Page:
Sunday, 30 August 2009

Movie Weekend

Had to do a u-turn this weekend and head back to Ottawa to return my brother-in-law’s keys.  Figured I’d take in a couple movies since a theater isn’t a luxury I enjoy in my current home town.  There were three movies I was dying to see: District 9, Inglourious Basterds, and The Hurt Locker.  I’d heard rave reviews of them all and I was psyched to see them all in one weekend.  I even managed to fit in a rental on Saturday night.  So, here’s my impressions in the order that I viewed them:


District 9

The computer generated aliens in this movie are amazing.  Not enough has been said about this in my opinion.  The first close-up of a prawn’s face is shocking in it’s realism.  And then you find out that these amazing effects are part of a movie with a $30 million budget?!?  It is staggering.  I hope George Lucas and James Cameron watch this movie and feel it in every square inch of their respective colons.  Why are they spending hundreds of millions of dollars on special effects that look like they came off my Playstation 2?  Peter Jackson started something with the Lord of the Rings trilogy that is paying off big with this movie.

Beyond the special effects, the story itself is unique and intriguing.  The first half is challenging to watch (at least for me) because of the documentary style camera work.  I didn’t really feel engaged in the movie until the pretence of the documentary film was dropped.  But after that, it is a thrill ride to rival any big budget blockbuster of the last 10 years.  I especially like the alien weaponry and the “sploosh” of bad guys getting disintegrated.

Looking back at the story you don’t feel like too much was explained about the aliens’ predicament.  Why are they actually there?  What happened that they drifted to earth and 20 years later the ship can zoom right off?  Why is there no leadership amongst the prawns?  Maybe a sequel will explain more.  I’d certainly go see it.

I’d recommend the movie to anyone.  Not perfect but amazing to watch and the second half is just plain fun.


Inglourious Basterds

The first movie of the weekend was a solid triple.  I was hoping the second movie would be a home run.  It wasn’t.  A single at best.  I’m happy to see Quentin Tarantino is once again able to tell a story on his own and contain it to a single film.  But this is a Tarantino movie about movies and how much Tarantino knows about movies.  The WWII setting is just a framework for Tarantino to hang all his masturbatory film obsessions off of.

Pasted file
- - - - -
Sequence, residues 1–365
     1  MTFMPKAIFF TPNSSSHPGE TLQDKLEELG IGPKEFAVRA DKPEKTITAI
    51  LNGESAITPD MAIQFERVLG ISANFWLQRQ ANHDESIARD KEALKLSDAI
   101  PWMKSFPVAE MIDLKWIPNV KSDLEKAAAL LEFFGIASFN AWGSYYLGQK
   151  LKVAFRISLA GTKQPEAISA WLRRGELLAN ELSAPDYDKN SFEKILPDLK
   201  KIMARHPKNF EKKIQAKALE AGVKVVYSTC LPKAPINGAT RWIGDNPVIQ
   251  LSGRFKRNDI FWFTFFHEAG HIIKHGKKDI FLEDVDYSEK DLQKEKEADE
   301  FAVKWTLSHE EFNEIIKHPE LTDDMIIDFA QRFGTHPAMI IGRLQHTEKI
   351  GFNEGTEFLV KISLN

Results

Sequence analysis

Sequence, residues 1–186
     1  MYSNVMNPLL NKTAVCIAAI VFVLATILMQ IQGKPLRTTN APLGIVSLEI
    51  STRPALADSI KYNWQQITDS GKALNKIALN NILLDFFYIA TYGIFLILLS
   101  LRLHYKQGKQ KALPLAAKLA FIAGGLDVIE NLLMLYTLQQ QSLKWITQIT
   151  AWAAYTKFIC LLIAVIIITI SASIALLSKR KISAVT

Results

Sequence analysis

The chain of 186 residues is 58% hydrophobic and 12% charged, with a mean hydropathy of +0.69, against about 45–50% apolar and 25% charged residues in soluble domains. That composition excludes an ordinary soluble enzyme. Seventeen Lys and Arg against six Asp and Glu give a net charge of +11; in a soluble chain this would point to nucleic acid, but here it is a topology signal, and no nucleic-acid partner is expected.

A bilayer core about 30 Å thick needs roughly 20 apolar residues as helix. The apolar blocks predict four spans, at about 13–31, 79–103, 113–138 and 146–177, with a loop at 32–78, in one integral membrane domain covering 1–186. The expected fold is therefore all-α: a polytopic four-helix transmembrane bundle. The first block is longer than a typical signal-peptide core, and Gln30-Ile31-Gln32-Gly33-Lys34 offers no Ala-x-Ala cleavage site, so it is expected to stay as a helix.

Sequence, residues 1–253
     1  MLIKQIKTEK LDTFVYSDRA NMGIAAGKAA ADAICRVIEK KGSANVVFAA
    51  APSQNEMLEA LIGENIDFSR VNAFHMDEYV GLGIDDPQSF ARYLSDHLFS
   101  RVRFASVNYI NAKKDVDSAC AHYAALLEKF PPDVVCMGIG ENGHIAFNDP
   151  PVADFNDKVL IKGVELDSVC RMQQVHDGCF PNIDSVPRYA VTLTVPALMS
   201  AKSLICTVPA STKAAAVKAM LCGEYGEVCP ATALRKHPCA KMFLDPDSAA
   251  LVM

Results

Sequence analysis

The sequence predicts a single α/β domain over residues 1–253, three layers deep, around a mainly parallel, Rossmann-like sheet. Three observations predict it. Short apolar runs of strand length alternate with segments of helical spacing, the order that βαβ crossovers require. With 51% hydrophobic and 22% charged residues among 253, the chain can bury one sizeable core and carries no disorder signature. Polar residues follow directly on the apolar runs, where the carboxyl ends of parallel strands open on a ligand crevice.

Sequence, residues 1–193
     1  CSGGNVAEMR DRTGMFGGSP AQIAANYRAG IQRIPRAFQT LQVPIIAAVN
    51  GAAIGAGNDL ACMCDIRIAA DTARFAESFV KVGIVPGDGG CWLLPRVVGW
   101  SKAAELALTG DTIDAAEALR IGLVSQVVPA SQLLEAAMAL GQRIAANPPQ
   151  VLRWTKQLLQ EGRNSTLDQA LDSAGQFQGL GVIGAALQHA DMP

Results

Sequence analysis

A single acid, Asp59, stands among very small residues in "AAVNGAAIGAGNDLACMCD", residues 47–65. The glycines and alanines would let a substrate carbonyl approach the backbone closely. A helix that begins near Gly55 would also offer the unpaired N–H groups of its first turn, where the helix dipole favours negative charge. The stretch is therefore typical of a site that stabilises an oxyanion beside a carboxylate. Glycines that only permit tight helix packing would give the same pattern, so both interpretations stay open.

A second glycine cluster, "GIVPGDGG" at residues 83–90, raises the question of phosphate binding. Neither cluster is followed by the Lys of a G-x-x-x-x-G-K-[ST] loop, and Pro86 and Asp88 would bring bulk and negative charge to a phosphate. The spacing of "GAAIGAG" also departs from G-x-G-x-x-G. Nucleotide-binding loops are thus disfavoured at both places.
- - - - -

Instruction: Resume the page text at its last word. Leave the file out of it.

As film critics have noted, this isn’t really about the Inglourious Basterds.  They are a tangential part of the film really despite what the marketing campaign implies.  That’s too bad.  I think I would have liked the movie shown in the trailers.  I like Brad Pitt and his ridiculous affectations.  He and his caricature are cool, slick, and funny.  If they had been the focus of the movie, I’d have left the theatre less educated in German cinema but a hell of a lot happier.

As it is, there are definitely amazing scenes contained within the movie.  The bar scene is my personal favourite.  The fate of Hugo Stiglitz is disappointing after being built up as the bad-ass of bad-ass Nazi killers but that one scene could have been a short film I’d have paid to see.

The actor playing Colonel Hans Landa is getting all kinds of praise for his performance and similarly Tarantino for conceiving and developing the character.  I didn’t buy it.  He didn’t strike me as particularly menacing, intelligent, or entertaining.  He sure likes to talk though.  He likes his cream and strudel too.  That scene was really fucking annoying.  I think Tarantino has found a way to put a microphone right into the dental work of his actors.  Hearing people chew strudel doesn’t really help engage me in your film.  Some critics have said this is really a detective story with Landa as the starring sleuth.  And how did he brilliantly deduce the identity of the traitor working with the Basterds?  There was a note with her name on it at the crime scene.  Wow.  Well done Sherlock.